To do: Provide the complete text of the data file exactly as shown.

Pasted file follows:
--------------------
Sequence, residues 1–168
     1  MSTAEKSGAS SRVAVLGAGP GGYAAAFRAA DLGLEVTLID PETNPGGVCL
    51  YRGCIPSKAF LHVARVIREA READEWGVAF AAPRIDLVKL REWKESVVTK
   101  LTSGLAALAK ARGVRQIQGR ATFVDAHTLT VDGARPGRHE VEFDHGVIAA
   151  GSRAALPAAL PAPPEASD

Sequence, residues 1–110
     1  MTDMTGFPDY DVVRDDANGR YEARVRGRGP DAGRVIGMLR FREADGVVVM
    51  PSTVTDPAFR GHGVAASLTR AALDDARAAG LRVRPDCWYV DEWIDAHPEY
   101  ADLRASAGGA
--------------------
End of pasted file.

Sequence, residues 1–168
     1  MSTAEKSGAS SRVAVLGAGP GGYAAAFRAA DLGLEVTLID PETNPGGVCL
    51  YRGCIPSKAF LHVARVIREA READEWGVAF AAPRIDLVKL REWKESVVTK
   101  LTSGLAALAK ARGVRQIQGR ATFVDAHTLT VDGARPGRHE VEFDHGVIAA
   151  GSRAALPAAL PAPPEASD

Sequence, residues 1–110
     1  MTDMTGFPDY DVVRDDANGR YEARVRGRGP DAGRVIGMLR FREADGVVVM
    51  PSTVTDPAFR GHGVAASLTR AALDDARAAG LRVRPDCWYV DEWIDAHPEY
   101  ADLRASAGGA